Buy tickets for gigs at Sunbird Records, Darwen here. Remember, this is the best way you can show your support for any grassroots music venue!

Find out how to join Venue Watch – and nominate your own favourite grassroots music venue – here.

Witch Fever play Sunbird Records to one young woman's delight. Photo: Craig Szlatoszlavek
Witch Fever play Sunbird Records, to one young woman’s delight. Photo: Craig Szlatoszlavek

Venue Watch analysis: Sunbird Records, Darwen

By Phil Ryan – musician, writer and entrepreneur

I often talk about the fabric of our community music scene being torn apart in these past years, but doing their very best and holding it together with all their might, like beautiful gold and silver threads, is the wonder that is Sunbird Records in Lancashire. As Laura tells us, the story behind the place is riven with both sadness and love. And like so many of the grassroots venues we write about, it’s an absolute boon to local people. A place to go, to mingle and receive joy and brilliant entertainment often for free!

The good news is they’re currently OK but in this chilling cost of living crisis they need all the support, love and help and as they say ‘bums on seats’ they can get! They inject hope into an area that is, as we know, highly deprived. So please if you can, head to Darwen! Say hi to Sunbird’s inspirational business owners Nathan Howard and Danny McDonough and promoter Jamie Carter. And tell everybody you can in Lancashire to support Sunbird Records.

a band plays a Halloween party
Sunbird Records’ McNally Music Tuition Halloween student showcase. Photo: Derren Lee Poole

Well, in keeping with the positive spirit of the season I wanted to add some people to Santa’s Nice List. Top of the Nice List on our tree is Mark Davyd, chief executive of Music Venue Trust for his and his team’s amazing work protecting the UK’s music cultural heritage.

Clearly deserving of a present is the wonderful Saskia Griffiths-Moore, founder and CEO of Talent is Timeless, an organisation that recognises the huge contribution that older musician and performers play in our society – you can see her work at www.talentistimeless.com.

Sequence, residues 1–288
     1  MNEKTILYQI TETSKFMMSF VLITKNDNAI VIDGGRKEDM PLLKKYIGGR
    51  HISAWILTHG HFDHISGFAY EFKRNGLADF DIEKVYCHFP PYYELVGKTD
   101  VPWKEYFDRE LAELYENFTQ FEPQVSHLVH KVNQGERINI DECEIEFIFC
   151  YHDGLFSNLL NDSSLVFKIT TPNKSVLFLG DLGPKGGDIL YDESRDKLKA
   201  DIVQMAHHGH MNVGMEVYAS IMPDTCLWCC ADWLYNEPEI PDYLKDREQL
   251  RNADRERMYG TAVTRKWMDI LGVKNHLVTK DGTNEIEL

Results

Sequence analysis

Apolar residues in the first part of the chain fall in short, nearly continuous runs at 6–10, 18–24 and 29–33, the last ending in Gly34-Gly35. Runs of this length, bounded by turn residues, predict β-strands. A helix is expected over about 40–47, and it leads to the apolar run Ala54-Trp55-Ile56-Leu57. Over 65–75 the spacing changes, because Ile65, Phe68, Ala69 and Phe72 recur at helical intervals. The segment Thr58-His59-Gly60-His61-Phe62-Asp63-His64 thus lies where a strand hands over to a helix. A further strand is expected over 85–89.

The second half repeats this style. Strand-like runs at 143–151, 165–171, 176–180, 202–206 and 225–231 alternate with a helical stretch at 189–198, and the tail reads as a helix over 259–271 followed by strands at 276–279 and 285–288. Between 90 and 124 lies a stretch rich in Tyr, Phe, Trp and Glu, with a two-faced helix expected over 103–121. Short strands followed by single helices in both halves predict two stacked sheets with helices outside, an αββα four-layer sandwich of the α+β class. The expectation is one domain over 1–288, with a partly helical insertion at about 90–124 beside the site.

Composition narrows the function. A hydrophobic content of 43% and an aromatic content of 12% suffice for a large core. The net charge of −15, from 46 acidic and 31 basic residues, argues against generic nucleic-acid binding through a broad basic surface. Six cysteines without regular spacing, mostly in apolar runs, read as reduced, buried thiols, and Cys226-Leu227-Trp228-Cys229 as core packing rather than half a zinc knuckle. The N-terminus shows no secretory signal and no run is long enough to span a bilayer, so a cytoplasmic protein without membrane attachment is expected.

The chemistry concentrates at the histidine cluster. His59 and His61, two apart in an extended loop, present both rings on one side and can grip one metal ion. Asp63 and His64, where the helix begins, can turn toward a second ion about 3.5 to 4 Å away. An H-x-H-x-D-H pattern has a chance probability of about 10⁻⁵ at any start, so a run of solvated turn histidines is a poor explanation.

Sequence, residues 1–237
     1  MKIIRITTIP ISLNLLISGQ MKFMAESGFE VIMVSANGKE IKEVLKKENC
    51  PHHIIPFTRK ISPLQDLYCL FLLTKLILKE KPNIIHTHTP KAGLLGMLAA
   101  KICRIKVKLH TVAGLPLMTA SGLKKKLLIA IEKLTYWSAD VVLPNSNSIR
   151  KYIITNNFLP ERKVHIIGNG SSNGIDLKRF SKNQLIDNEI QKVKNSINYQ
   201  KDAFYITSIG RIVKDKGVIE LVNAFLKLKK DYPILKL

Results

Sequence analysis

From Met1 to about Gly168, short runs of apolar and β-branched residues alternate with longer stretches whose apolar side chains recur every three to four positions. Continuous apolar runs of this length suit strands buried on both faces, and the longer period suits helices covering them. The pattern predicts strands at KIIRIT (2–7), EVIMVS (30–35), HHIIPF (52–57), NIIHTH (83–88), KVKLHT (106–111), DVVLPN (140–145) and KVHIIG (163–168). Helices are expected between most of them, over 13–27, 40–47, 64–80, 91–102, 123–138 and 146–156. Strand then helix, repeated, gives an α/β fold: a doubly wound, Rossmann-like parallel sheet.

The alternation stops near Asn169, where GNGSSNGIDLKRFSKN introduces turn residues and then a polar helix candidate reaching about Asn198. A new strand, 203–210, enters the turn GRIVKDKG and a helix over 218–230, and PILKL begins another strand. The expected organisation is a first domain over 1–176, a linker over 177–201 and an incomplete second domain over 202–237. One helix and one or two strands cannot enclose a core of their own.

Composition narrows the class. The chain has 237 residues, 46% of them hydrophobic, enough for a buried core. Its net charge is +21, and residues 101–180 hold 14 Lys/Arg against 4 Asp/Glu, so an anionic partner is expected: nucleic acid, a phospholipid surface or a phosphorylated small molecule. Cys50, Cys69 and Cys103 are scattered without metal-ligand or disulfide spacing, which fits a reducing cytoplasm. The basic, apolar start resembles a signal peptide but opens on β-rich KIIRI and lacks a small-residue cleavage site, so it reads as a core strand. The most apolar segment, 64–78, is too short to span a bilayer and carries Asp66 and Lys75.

Next up for a hot chocolate with marshmallows is Marcus Davey for his monumental efforts giving young musicians an incredible chance to shine at London’s Roundhouse, though their youth programmes.

Next to pull a cracker has to be the force of nature that is Stormzy for his tireless efforts, not to mention huge personal financial commitment, to the cause of young Black British musicians and writers. My favourite quote being from William Rayfet Hunter, whose first novel People Like Us won #Merky Books’ New Writers’ Prize in 2023. Writing in The Standard, he said: “Stormzy dares us to dream. And in dreaming we create a new future. This is his legacy. This is The Stormzy Effect”. Clearly the UK needs some more Stormzys around.

It would be highly remiss of me not to send a card to Help Musicians who constantly support UK musicians all year round. A finer bunch you won’t find anywhere!

Gifts should of course fly down the chimneys of Frank Turner, Wolf Alice, Enter Shikari and Ed Sheeran too for all lending their voices (and money) to the fight as well.

It goes without saying that my favourite elves include every one of the amazing music venue owners and promoters we’ve been featuring in Venue Watch these past few months. Each one a stout defender of our grassroots music scene.

And to my colleague Laura Kelly here at Venue Watch – there’s a musical champion if ever I saw one.

Not to be Scrooge-like, the Nice List also features features MP Caroline Dinenage, chair of the Culture, Media and Sport Committee, which scrutinises the work of the Department for Culture, Media and Sport and its associated public bodies. The former minister for digital and culture has announced a hearing and review into the current crisis facing grassroots music venues and will produce a full report of its findings in 2024.

In Santa’s sleigh department, travel app FREENOW have been donating a pound from every ride booked through them to the cause as well.

So, you can see, alongside us at The Big Issue lots of people and organisations really do care. A huge thank you to all of you who’ve reached out pledging support and it only remains for me to say get to your local venue as fast as you can and have a great night with them. So, from everyone at Venue Watch… we wish you a merry Christmas and a happy New Year. Music rules!

Musician Phil Ryan has toured with The Animals and is co-founder of The Big Issue and The 12 Bar Club.

Support the Big Issue